And now, we approach some of my favorite days of the year, days I love as a Halloween traditionalist. I have always been more interested in the mysteries of Halloween. Horror movies of the blood and gore sort and tales of axe murderers: none of this stuff interests me. These, along with sexy nurse costumes and other such frivolities, are the unfortunate things we have attached to Halloween in recent decades. As a Halloween traditionalist, my role is to help you tune into the old ways of celebrating––ways that have their roots in the older spelling of Halloween, the one with an apostrophe: Hallowe’en. This version does a better job of reminding us that the holiday’s original name was All Hallows Eve. Say it and already the mystery increases tenfold.
One of my great pleasures each Halloween, for many years now, is to write a gently ghostly story and send it out to the world via email. It’s the Convivio Dispatch for Halloween. This year’s Halloween Dispatch will go out in the next night or two to subscribers of the Convivio Dispatch, which is a different animal from this blog. If you’d like to make sure you receive the Halloween Dispatch, please subscribe right here. On that same subscription page, you will also find a link to the Halloween Dispatch from two years ago. One of my readers liked it so much she sent it off to Nowhere Magazine, and they published it there, which was awfully nice.
If you’d rather get just this next Halloween Dispatch without subscribing, let me know in the comments below. Leave your email address and I’ll send it. Or email me directly at email@example.com to say you’d like the story. But don’t be afraid to subscribe… the Dispatches from Lake Worth are very few and far between, and you’ll meet an interesting cast of characters from our hometown and beyond. (This year’s story takes us all the way to Finland.)
I wish you a fine Halloween, filled with good spirit and mystery, and not so much of the other stuff.
COME SEE US!
We’re popping up at quite a few local South Florida venues in November!
Florida Day of the Dead Celebration
Saturday November 2 from 2 to 11 PM
Downtown Fort Lauderdale
We’ll be near the stage at Huzienga Park on East Las Olas, where the procession and the festivities begin. We’ll be in a tent with a pop-up shop of traditional Mexican handicrafts for Dia de los Muertos from about 2 to 7:30 PM. (Once the procession leaves and heads over to the west side at the river, we’ll start packing up, so it’s an early night for us!)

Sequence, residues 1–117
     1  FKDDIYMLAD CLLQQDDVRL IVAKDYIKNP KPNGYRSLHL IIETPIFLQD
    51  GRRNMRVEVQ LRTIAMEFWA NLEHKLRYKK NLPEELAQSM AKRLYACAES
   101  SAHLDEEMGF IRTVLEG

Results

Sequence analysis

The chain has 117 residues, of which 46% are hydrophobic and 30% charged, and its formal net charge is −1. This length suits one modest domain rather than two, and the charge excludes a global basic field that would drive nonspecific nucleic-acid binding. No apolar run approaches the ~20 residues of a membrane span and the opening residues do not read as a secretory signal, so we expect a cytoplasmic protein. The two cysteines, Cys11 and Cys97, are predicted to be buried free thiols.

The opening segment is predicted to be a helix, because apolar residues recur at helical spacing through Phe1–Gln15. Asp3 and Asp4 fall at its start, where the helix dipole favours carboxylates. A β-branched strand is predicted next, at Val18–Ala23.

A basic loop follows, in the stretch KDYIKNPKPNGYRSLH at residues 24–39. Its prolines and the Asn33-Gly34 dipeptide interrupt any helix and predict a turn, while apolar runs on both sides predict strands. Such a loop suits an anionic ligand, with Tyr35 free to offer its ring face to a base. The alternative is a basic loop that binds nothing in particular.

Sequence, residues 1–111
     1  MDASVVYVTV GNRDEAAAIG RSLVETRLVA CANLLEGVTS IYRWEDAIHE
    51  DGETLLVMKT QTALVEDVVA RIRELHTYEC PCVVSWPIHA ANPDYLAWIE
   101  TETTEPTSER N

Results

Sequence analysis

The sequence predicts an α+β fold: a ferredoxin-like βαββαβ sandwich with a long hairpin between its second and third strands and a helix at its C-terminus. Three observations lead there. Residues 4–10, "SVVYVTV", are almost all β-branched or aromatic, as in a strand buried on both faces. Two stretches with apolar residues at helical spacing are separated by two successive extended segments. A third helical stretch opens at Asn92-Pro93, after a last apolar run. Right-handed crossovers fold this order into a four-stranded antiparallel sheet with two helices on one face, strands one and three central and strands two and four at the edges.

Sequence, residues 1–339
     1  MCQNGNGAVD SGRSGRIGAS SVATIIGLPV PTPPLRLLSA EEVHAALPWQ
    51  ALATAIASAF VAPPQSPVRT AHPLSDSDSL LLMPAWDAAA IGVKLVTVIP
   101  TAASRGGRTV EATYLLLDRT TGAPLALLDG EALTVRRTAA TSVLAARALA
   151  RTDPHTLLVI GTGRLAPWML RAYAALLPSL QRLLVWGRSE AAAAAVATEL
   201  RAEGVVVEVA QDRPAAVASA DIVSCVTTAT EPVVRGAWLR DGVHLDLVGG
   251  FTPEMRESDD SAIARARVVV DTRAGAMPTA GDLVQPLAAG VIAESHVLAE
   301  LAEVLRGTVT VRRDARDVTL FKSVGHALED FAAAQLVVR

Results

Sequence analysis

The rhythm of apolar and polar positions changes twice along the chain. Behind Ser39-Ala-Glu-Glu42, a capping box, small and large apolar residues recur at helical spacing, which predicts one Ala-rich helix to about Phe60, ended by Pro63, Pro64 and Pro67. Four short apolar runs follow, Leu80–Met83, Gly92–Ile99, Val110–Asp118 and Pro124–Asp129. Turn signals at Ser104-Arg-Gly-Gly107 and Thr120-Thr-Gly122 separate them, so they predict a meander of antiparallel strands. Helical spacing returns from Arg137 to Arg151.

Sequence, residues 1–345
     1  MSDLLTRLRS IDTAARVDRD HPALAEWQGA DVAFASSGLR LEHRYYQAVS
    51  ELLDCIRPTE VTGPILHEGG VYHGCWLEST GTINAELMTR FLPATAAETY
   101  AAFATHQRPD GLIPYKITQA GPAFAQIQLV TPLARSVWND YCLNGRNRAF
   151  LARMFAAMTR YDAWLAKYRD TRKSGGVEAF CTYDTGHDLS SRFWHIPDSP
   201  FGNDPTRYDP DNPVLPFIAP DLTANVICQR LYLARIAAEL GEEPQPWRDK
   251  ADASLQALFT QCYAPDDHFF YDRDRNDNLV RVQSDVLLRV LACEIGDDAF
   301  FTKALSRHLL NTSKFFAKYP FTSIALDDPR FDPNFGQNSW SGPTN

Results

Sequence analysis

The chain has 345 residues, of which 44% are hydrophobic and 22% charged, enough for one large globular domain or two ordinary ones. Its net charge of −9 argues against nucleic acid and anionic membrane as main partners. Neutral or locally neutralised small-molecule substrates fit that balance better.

Dia de los Muertos Lake Worth Beach
Saturday November 2 from 3 to 9 PM
Hatch 1121 and Downtown Lake Worth, west of Dixie Highway
Our hometown celebration of this day means a great deal to us. It’s beautifully community focused. Find us in our usual spot in the courtyard at Hatch 1121 with a pop-up shop of traditional Mexican handicrafts for Dia de los Muertos, Christmas, and everyday. We’ll be there for the full length of the celebration. (Face painting, by the way, begins at 1:30 at City Hall, and then there’s a procession to Hatch before 3.)
Sankta Lucia Festival & Julbasar (Christmas Bazaar)
Saturday November 23 from 11 AM to 3 PM
First United Methodist Church
625 NE Mizner Boulevard in Boca Raton
Our pop-up shop will focus on traditional European advent calendars and advent candles, plus handmade Christmas ornaments and decorations from Sweden, as well as our full line of Shaker herbs & teas and more. It’s a beautiful event, complete with a Lucia with a wreath of candles on her head! Brought to you by SWEA, the Swedish Women’s Educational Association.
Harvest Makers Marketplace
Sunday November 24 from 10 AM to 4 PM
Florida Atlantic University
We’ll be transitioning toward Christmas with a pop-up shop of traditional German advent calendars and advent candles from England, plus handmade Christmas ornaments and decorations from Germany, Sweden, Italy and Mexico and our full line of Shaker herbs & teas and more. Plus there’s live music almost all day: The Lubben Brothers from 11 AM to 1 PM, Rio Peterson from 1 to 4 PM. It’s going to be a good one!
Image: Jack O’Lantern pair, on the front porch, last Halloween. Seth’s is on the left; mine is on the right. That’s pretty much how our lanterns look each year.